“The SEC’s complaint alleges that the scheme is teetering on collapse with investor funds at risk of dissipation without its emergency enforcement action. Last month, ZeekRewards brought in approximately $162 million while total investor cash payouts were approximately $160 million. If customers continue to increasingly elect to receive cash payouts rather than reinvesting their money to reach higher levels of rewards points, ZeekRewards’ cash outflows would eventually exceed its total revenue.”
Many Zeekler affiliates are incensed by the Federal government’s shutdown of the company. They are not angry at Zeekler, but they feel that the SEC is attacking Paul Burks for being too profitable too quickly.
The Inquisitr spoke directly with a highly successful affiliate in the ZeekRewards program, who has asked to remain anonymous due to the investigation. He was quite outspoken in his frustration with the federal government, saying:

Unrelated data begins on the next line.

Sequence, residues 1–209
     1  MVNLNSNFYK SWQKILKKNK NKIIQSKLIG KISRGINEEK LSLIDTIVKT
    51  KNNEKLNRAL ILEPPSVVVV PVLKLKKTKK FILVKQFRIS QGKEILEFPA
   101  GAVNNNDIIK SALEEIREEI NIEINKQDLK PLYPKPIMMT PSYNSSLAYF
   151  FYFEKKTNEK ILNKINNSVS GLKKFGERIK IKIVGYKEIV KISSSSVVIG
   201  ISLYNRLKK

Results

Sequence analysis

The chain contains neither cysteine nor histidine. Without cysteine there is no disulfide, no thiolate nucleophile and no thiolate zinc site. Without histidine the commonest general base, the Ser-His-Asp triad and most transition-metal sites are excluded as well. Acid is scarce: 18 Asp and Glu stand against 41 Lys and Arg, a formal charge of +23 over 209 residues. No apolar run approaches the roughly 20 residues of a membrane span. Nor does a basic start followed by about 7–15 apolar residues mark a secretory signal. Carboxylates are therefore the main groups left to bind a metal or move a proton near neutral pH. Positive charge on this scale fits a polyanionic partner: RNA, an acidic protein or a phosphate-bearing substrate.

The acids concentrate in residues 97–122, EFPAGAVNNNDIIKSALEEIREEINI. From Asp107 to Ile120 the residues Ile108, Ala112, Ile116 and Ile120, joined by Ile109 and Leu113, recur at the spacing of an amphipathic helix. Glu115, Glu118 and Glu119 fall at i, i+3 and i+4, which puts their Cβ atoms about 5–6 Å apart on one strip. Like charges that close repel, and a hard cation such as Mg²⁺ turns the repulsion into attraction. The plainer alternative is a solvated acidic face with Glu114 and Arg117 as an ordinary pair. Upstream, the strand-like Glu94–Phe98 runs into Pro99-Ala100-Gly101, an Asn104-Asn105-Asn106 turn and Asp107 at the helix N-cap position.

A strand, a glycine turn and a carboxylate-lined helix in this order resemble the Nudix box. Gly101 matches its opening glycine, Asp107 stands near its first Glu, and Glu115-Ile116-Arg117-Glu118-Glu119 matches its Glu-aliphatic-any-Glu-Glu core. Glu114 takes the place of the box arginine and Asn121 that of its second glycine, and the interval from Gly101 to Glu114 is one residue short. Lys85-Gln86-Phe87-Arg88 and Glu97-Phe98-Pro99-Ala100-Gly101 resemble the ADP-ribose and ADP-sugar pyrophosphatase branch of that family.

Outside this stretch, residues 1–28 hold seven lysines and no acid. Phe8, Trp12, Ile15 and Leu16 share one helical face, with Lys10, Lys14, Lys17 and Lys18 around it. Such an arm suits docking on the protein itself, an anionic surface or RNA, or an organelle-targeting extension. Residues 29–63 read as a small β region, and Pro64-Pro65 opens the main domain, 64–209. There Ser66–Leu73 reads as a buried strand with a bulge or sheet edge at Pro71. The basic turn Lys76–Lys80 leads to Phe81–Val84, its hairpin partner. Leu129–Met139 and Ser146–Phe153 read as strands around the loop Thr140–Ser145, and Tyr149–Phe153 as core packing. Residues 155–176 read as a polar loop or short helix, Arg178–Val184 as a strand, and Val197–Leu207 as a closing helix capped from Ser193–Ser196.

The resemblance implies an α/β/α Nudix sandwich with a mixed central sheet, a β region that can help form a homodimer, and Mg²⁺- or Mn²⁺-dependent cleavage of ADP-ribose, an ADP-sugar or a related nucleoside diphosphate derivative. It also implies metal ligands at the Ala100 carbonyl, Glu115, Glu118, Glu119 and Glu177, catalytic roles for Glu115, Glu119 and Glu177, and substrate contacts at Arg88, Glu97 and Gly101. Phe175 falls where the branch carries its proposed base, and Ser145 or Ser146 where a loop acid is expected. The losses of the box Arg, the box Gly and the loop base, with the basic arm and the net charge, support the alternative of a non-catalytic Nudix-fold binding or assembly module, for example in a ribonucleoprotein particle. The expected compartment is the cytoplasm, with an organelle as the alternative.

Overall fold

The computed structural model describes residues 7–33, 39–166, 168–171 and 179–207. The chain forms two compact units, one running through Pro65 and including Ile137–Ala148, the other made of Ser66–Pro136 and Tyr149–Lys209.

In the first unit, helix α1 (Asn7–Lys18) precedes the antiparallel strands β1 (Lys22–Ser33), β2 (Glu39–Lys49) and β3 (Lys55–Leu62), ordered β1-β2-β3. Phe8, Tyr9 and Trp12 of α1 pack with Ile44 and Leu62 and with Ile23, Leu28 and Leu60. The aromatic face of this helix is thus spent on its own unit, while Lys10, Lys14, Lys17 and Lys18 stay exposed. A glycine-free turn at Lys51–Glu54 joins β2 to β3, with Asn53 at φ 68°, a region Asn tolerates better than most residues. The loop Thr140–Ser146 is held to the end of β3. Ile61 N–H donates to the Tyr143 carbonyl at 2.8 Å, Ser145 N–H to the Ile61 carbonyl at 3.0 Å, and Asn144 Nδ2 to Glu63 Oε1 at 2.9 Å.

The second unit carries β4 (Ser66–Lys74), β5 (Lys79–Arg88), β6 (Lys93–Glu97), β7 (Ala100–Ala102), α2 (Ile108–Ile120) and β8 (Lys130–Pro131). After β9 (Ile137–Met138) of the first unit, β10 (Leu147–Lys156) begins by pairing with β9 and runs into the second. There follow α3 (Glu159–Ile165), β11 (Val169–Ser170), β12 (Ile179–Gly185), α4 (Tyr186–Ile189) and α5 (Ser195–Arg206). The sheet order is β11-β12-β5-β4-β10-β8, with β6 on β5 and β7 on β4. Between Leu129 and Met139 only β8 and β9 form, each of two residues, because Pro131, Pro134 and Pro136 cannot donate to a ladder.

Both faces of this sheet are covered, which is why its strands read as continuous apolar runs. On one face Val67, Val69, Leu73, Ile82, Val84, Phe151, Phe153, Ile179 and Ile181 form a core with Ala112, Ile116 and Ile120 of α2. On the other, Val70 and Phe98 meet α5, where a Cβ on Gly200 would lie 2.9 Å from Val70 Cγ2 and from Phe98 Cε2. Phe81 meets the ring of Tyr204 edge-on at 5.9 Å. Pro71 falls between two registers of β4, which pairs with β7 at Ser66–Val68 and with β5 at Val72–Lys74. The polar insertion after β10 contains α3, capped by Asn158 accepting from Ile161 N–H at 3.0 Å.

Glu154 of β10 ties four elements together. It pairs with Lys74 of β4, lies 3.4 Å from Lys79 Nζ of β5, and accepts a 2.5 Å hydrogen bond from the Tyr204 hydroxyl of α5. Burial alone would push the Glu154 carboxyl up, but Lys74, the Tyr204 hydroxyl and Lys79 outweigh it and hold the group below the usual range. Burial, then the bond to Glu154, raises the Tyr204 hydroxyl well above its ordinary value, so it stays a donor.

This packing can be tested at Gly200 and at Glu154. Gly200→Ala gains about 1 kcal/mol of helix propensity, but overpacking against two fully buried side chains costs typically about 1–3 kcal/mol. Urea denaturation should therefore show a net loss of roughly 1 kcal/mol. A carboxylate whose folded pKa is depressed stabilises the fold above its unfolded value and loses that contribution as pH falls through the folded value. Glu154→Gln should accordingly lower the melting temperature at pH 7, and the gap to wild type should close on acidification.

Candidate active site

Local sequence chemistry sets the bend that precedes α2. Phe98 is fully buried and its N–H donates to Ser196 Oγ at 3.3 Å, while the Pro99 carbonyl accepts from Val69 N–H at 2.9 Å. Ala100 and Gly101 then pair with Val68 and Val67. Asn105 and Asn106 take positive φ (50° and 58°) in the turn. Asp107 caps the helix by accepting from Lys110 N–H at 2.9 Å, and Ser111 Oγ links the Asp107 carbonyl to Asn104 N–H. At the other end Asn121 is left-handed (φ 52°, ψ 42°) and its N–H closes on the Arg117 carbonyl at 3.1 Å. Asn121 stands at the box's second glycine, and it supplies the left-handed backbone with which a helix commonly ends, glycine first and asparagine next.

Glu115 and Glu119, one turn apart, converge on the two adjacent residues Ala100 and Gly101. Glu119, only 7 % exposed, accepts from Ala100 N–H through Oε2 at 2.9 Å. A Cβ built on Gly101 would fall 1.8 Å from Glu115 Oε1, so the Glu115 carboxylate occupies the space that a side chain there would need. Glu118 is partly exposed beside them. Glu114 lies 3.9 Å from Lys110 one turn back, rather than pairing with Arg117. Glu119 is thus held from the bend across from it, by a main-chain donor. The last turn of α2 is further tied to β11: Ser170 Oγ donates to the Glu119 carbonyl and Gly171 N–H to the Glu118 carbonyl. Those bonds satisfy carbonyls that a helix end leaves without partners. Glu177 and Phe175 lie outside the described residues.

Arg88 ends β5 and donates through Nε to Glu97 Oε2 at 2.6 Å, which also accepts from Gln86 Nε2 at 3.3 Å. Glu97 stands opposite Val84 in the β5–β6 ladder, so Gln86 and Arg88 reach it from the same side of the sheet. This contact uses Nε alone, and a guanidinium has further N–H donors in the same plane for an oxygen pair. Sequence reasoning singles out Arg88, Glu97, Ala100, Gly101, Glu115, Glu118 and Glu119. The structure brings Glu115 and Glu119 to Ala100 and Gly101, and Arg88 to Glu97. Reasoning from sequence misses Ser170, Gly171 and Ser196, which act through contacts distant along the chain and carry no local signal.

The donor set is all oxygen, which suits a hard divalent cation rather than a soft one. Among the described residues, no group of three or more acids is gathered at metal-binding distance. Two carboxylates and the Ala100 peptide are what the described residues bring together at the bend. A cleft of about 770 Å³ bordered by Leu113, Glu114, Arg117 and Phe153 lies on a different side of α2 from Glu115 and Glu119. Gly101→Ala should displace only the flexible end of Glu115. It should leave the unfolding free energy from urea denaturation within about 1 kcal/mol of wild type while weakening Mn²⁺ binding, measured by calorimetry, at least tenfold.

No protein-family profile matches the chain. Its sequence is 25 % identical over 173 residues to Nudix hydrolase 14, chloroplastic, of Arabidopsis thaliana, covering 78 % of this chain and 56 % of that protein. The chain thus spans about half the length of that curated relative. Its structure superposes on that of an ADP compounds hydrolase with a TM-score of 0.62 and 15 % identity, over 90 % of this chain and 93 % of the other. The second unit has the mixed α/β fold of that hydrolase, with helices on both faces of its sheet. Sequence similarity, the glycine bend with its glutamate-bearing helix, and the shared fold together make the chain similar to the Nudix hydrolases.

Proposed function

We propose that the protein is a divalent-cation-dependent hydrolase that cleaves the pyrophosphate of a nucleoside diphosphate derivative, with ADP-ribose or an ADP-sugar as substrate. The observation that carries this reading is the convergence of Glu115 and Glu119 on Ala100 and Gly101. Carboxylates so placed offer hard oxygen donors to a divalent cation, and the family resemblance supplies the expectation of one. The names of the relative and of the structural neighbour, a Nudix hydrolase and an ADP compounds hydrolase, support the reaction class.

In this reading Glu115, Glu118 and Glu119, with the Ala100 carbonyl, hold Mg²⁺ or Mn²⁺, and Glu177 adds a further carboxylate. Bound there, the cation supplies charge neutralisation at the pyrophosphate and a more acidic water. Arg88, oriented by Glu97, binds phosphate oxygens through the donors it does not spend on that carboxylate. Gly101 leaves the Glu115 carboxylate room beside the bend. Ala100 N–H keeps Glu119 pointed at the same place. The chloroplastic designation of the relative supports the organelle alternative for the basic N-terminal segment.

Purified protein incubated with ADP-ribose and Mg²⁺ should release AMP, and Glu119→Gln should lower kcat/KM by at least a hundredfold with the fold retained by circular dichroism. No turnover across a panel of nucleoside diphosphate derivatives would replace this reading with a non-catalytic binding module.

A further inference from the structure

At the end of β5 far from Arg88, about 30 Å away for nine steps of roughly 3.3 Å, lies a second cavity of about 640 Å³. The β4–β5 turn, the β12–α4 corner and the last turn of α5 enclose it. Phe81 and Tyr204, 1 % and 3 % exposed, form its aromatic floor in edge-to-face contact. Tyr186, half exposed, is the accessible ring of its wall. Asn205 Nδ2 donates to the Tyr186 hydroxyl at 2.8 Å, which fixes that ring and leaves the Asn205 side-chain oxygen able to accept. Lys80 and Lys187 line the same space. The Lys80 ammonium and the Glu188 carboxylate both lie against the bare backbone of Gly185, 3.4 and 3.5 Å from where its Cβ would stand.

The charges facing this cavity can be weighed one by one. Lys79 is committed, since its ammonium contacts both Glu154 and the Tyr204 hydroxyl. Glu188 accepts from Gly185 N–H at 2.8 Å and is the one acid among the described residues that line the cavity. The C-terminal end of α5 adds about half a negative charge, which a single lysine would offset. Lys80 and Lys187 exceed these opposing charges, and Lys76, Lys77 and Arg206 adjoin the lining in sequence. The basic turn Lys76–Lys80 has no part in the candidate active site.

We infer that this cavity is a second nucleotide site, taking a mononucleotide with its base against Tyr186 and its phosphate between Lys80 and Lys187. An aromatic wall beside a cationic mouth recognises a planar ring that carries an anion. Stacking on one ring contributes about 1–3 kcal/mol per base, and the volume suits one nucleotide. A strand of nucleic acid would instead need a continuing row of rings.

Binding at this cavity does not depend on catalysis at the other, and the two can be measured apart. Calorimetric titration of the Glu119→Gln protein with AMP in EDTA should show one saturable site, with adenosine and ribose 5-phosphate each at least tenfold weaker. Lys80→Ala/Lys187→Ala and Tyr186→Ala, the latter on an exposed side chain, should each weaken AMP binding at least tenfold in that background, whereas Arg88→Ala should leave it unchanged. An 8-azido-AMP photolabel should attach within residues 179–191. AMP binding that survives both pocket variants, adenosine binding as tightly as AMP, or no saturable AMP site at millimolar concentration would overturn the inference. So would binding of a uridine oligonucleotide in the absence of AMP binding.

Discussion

“The closing of Zeek Rewards by the SEC… telling everyone that we were investors… and they wanted to protect us. WHO PROTECTS US FROM THE GOVERNMENT! The SEC called it a $600 Million Ponzi Scheme? The SEC said it has frozen the roughly $225 million in “investor” funds that remain in the company’s bank accounts. So far, the agency said, ZeekRewards has paid out some $375 million to “investors”. The Government is the one talking about investment, not us, not Zeek. No one at Zeekler, or any legitimate affiliate ever referred to the affiliate program as an investment. Protect us from what, from who!!!!? Zeek only has done good all around. And the funds paid out and the funds in the bank don’t reflect a Ponzi Scheme.”
“Who benefits from this from this Government travesty… The only winners in this are the attorneys and the government. We all know they need money and they don’t want us to make any. What’s more to say. I’ve been lied to many more times by the government then by private business including Zeek!”